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Outer space is space beyond our Earth.


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Outer space, refers to the relatively empty regions of the universe outside the atmospheres of celestial bodies. Outer space is used to distinguish it from airspace (and terrestrial locations). Contrary to popular understanding, outer space is not completely empty (i.e. a perfect vacuum) but contains a low density of particles, predominantly Hydrogen gas, as well as electromagnetic radiation.

Earth's boundary

Outer space.
Layers of Atmosphere of what we might call outer space - not to scale (NOAA).

There is no clear boundary between the Earth's atmosphere and space as the density of the atmosphere gradually decreases as the altitude increases. Nevertheless, the Federation Aeronautique Internationale has established the Kármán line at an altitude of 100 km (62 miles) as a working definition for the boundary between atmosphere and space. This is used because, as Karman calculated, above an altitude of roughly 100 km, a vehicle would have to travel faster than orbital velocity in order to derive sufficient aerodynamic lift from the atmosphere to support itself. The United States designates people who travel above an altitude of 50 statute miles (80 km) as Astronauts. During re-entry, 120 km (75 miles) marks the boundary where atmospheric drag becomes noticeable.

Solar System outer space.

Outer space within the Solar System is called interplanetary space, which passes over into interstellar space at the Heliopause. The vacuum of outer space is not really empty; it is sparsely filled with several dozen organic molecules discovered to date by Microwave spectroscopy. According to the Big bang theory,2.7 K blackbody radiation was left over from the 'big bang' and the origin of the universe, and cosmic rays, which include ionized atomic nuclei and various subatomic particles. There is also gas, plasma and dust, and small meteors and material left over from previous manned and unmanned launches that are a potential hazard to Spacecraft. Some of this debris re-enters the atmosphere periodically.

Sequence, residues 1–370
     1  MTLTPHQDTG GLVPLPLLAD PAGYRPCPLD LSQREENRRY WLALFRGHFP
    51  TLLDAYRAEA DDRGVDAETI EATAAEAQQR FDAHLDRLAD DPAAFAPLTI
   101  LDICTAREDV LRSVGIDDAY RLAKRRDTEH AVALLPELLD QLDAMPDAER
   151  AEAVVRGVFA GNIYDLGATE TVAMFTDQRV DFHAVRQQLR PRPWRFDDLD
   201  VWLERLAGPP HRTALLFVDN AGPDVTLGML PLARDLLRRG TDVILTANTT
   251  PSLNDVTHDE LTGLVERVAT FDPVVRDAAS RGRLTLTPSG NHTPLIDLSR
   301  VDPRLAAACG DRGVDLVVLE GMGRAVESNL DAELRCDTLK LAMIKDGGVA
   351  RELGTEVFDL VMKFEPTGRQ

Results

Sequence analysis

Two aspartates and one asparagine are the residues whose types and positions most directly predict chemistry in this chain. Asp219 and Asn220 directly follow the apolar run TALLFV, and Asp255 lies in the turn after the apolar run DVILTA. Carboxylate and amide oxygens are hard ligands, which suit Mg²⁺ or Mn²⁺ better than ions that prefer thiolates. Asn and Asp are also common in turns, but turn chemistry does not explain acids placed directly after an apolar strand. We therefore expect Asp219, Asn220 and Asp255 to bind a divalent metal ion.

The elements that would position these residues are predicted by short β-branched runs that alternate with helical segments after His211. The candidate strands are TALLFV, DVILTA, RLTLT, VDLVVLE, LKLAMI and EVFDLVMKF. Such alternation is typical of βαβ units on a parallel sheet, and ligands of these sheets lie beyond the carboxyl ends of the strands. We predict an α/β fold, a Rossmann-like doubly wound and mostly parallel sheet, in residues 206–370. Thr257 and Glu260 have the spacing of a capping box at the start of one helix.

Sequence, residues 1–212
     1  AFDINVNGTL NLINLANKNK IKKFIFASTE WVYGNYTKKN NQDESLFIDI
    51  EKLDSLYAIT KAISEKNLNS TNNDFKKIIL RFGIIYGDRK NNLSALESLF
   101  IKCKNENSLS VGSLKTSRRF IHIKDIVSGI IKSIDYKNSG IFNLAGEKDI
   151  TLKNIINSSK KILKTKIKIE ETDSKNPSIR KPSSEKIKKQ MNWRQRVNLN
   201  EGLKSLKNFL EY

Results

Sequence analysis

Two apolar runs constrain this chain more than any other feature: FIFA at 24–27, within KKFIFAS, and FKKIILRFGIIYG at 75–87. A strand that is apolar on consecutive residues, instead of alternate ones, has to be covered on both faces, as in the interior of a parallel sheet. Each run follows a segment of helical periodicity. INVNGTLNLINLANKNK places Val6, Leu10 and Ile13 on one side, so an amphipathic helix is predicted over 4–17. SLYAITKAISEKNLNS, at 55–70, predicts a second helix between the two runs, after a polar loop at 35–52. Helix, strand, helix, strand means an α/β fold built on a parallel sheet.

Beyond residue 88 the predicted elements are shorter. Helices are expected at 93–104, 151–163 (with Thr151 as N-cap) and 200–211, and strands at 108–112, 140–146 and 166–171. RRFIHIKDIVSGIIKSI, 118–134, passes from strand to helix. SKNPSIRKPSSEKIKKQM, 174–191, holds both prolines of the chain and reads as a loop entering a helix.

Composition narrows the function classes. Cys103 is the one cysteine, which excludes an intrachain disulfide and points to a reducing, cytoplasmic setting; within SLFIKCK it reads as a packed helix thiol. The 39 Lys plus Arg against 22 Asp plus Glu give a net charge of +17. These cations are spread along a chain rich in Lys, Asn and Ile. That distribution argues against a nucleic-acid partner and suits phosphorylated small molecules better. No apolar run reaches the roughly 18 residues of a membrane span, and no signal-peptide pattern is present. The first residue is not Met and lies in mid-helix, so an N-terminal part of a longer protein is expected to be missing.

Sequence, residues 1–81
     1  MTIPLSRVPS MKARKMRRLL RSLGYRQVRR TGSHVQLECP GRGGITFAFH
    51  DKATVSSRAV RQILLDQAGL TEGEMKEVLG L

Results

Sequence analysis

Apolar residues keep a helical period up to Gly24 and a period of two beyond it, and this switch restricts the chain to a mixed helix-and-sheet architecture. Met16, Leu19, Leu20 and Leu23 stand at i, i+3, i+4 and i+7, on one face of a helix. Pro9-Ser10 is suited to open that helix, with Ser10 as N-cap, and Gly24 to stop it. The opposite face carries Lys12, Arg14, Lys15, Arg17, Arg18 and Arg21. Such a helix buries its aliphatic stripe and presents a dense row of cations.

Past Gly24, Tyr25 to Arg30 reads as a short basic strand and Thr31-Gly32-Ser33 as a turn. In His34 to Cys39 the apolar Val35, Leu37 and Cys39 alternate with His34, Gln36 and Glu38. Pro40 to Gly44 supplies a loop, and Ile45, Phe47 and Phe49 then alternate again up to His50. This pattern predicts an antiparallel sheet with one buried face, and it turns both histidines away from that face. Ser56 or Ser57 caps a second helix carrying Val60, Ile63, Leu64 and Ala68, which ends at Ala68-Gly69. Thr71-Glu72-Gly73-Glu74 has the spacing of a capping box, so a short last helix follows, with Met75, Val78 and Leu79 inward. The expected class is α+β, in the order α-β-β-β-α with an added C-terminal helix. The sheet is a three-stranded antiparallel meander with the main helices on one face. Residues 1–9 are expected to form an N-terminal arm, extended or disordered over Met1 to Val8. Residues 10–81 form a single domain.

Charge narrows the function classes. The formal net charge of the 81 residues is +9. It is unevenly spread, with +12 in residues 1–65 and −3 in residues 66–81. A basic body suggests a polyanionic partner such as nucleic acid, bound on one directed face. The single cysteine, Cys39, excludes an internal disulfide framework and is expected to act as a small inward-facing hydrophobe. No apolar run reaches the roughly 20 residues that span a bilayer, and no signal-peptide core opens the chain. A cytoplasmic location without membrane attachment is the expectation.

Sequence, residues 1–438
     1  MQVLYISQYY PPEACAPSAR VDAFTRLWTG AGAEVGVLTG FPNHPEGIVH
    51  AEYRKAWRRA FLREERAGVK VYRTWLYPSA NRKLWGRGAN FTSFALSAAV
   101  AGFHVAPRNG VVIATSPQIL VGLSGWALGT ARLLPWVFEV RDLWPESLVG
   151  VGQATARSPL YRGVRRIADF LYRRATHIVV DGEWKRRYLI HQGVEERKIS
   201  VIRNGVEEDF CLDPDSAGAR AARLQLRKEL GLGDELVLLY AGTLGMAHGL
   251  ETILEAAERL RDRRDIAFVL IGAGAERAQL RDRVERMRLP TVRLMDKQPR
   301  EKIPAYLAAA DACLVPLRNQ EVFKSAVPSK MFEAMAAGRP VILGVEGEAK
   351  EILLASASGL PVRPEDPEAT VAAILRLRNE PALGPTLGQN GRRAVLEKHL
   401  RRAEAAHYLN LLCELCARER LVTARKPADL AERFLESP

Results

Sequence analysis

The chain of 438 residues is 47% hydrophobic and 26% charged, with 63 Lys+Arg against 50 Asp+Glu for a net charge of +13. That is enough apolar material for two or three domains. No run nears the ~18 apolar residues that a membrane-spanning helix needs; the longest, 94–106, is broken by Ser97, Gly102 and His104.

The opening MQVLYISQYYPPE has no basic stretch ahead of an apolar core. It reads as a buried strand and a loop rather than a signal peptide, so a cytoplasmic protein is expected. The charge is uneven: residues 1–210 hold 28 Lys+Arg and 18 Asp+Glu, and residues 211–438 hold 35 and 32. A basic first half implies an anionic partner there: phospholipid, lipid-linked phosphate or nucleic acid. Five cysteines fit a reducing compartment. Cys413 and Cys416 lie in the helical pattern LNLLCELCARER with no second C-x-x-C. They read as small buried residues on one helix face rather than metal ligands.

The absence of air makes outer space (and the surface of the Moon) ideal locations for astronomy at all wavelengths of the electromagnetic spectrum, as evidenced by the spectacular pictures sent back by the Hubble Space Telescope, allowing light from about 14 billion years ago, back almost to the time of the Big Bang to be observed. Pictures and other data from unmanned space vehicles have provided invaluable information about the planets, asteroids and comets in our solar system.

The "vacuum of space".

While not being an actual perfect vacuum, outer space contains such sparse matter that it can be effectively thought of as one. The pressure gradient of a vessel kept at sea-level Atmospheric pressure and the surrounding area is equal to roughly 101 kPa, roughly equal to a vessel at an underwater depth of about 10 metres (34 ft).

Contrary to popular belief, a person suddenly exposed to the vacuum would not explode, freeze to death, or die from boiling blood, but would take a short while to die by asphyxiation (suffocation). air would immediately leave the lungs due to the enormous pressure gradient, and so any dissolved oxygen in the blood would empty into the lungs to try to equalise the partial pressure gradient. Once the deoxygenated blood arrived at the brain, death would quickly follow. water vapor would also rapidly evaporate off from exposed areas such as the lungs and cornea of the eye, cooling the body. Any exposed skin would immediately succumb to sunburn.

Satellites in outer space.

There are many artificial satellites orbiting the Earth, including geosynchronous communication satellites 35,786 km (22,241  miles) above mean sea level at the Equator. Their orbits never "decay" because there is almost no matter there to exert frictional drag. There is also increasing reliance, for both military and civilian uses, of satellites which enable the Global Positioning System (GPS). A common misconception is that people in orbit are outside Earth's gravity because they are obviously "floating". They are floating because they are in "free fall": the force of gravity and their linear velocity is creating an inward centripetal force which is stopping them from flying out into space. Earth's gravity reaches out far past the Van Allen belt and keeps the Moon in orbit at an average distance of 384,403 km (238,857 miles). The gravity of all celestial bodies drops off toward zero with the inverse square of the distance.